Archival Description and Finding AidsOCLC Systems & Services (2002)
Archival arrangement and description establish physical and intellectual control over archives and manuscripts, enabling users to find the records they need. Description is the process of analyzing and recording information about these materials. The descriptive tools used to convey this information are called finding aids. In order to find manuscripts and archives when we need them, we must shift our orientation from single documents to groups of materials that can be described collectively. The principle of provenance likewise changes our focus from subject matter to the organic origins of documents, based on the purposes for which they were initially created and used. Archives and manuscripts are unique materials, but they can be organized and described using standards that permit data exchange and access by means of national networks, such as OCLC and RLIN, and through Web sites, using encoded archival description for archival finding aids. Descriptive practices continue to evolve, and improved systems are likely to be developed within the next decade.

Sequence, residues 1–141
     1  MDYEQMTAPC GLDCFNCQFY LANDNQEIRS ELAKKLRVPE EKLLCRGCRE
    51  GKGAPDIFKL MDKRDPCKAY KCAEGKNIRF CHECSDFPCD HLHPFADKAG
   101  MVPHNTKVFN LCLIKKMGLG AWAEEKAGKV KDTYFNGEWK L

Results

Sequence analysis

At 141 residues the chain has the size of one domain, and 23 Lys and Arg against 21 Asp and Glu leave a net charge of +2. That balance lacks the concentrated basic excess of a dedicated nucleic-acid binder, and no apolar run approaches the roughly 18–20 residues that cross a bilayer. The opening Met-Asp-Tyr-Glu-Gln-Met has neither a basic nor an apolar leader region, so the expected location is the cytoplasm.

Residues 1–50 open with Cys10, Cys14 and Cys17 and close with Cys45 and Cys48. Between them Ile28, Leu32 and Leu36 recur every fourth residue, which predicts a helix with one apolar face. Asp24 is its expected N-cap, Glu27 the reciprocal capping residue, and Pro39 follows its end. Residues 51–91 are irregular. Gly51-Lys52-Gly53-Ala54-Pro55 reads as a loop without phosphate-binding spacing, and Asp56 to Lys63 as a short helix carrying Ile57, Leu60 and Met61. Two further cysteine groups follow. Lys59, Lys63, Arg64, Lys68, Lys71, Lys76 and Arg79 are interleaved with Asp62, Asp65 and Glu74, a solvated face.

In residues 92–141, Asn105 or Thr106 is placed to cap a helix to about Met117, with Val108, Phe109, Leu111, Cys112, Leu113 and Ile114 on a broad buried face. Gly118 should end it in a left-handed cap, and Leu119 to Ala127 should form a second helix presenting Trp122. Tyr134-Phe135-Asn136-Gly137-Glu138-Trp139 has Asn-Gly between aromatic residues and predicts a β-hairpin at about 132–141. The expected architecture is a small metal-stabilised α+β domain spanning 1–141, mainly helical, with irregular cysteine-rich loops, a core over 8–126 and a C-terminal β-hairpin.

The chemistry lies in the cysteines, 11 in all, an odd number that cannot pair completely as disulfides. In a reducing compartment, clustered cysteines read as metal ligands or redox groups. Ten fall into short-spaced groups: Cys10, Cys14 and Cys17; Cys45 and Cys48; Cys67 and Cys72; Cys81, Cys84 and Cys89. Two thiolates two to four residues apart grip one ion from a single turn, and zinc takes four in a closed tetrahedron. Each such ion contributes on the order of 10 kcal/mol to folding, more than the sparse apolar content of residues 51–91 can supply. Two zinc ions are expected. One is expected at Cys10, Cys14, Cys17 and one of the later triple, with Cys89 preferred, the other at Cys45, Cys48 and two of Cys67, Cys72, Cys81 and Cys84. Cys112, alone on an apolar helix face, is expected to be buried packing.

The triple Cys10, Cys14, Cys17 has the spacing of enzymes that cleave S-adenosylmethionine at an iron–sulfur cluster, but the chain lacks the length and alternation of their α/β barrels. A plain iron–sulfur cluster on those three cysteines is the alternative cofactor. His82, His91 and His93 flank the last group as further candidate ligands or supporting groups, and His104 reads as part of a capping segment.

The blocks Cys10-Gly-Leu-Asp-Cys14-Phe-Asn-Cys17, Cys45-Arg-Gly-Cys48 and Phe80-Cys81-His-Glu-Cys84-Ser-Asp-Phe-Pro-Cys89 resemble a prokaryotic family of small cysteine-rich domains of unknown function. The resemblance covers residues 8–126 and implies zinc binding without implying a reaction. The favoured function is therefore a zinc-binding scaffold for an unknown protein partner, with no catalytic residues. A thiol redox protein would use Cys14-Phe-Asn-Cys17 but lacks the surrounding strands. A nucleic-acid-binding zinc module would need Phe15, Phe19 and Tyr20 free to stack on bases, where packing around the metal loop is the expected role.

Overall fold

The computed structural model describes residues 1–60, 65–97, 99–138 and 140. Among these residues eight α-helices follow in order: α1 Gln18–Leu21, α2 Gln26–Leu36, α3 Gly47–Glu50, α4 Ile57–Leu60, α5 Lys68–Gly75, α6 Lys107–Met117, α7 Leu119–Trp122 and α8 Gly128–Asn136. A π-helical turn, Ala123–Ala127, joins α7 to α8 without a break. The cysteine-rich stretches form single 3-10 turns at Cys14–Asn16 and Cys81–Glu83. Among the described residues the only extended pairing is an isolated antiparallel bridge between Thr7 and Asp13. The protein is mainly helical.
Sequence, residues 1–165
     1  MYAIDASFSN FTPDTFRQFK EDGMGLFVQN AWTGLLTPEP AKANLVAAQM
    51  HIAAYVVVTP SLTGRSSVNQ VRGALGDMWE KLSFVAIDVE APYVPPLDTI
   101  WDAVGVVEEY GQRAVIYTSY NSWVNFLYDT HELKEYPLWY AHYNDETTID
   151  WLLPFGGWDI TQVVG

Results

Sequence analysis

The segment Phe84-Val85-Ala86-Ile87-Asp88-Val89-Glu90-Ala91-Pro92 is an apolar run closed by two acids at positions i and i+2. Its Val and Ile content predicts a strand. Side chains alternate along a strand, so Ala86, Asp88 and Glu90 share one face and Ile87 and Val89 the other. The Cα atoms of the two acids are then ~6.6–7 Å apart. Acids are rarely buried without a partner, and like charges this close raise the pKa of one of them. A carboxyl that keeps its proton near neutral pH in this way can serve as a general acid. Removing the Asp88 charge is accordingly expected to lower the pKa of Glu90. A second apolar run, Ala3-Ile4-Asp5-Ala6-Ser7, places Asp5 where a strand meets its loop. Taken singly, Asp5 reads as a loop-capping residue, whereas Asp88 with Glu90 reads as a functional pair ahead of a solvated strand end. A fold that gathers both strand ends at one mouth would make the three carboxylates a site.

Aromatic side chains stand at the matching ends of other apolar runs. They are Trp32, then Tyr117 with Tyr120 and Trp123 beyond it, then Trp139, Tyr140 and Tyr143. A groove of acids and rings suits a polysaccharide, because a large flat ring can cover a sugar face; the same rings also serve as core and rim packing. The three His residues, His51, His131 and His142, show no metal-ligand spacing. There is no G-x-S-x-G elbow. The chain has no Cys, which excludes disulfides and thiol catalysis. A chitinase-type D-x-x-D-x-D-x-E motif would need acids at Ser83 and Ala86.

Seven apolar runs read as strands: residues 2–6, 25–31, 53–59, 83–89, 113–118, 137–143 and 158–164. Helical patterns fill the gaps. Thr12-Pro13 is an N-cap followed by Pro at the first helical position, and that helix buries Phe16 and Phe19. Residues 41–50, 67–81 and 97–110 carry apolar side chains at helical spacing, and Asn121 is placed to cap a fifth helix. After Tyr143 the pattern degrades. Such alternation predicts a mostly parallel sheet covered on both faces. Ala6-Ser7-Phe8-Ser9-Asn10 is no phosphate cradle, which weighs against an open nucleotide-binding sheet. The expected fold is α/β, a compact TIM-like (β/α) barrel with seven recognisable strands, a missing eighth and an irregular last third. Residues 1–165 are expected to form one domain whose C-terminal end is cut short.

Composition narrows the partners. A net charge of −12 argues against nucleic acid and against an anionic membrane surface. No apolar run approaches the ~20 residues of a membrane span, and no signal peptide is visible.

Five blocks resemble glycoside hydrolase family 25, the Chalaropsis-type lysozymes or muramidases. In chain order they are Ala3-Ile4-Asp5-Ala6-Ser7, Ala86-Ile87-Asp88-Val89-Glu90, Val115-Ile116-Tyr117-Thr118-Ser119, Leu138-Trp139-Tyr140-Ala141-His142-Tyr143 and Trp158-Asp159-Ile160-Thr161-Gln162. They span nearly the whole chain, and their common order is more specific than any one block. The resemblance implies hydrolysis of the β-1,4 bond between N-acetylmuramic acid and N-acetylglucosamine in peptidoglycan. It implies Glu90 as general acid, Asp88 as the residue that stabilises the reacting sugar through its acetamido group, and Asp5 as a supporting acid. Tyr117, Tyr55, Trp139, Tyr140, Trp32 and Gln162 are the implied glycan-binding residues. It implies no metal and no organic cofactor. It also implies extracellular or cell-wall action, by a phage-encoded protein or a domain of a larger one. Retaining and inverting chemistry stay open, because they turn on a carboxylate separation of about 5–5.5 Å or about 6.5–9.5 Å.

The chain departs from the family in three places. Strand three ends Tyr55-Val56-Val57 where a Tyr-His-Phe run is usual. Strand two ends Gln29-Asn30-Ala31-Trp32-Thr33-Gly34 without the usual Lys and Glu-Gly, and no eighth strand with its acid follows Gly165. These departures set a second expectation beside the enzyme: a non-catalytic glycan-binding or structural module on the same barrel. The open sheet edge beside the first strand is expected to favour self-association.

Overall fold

- Records management,
- Data retrieval,
- Database management,
- Data security
Citation InformationRandall C. Jimerson. "Archival Description and Finding Aids" OCLC Systems & Services Vol. 18 Iss. 3 (2002)
Available at: http://works.bepress.com/randall_jimerson/24/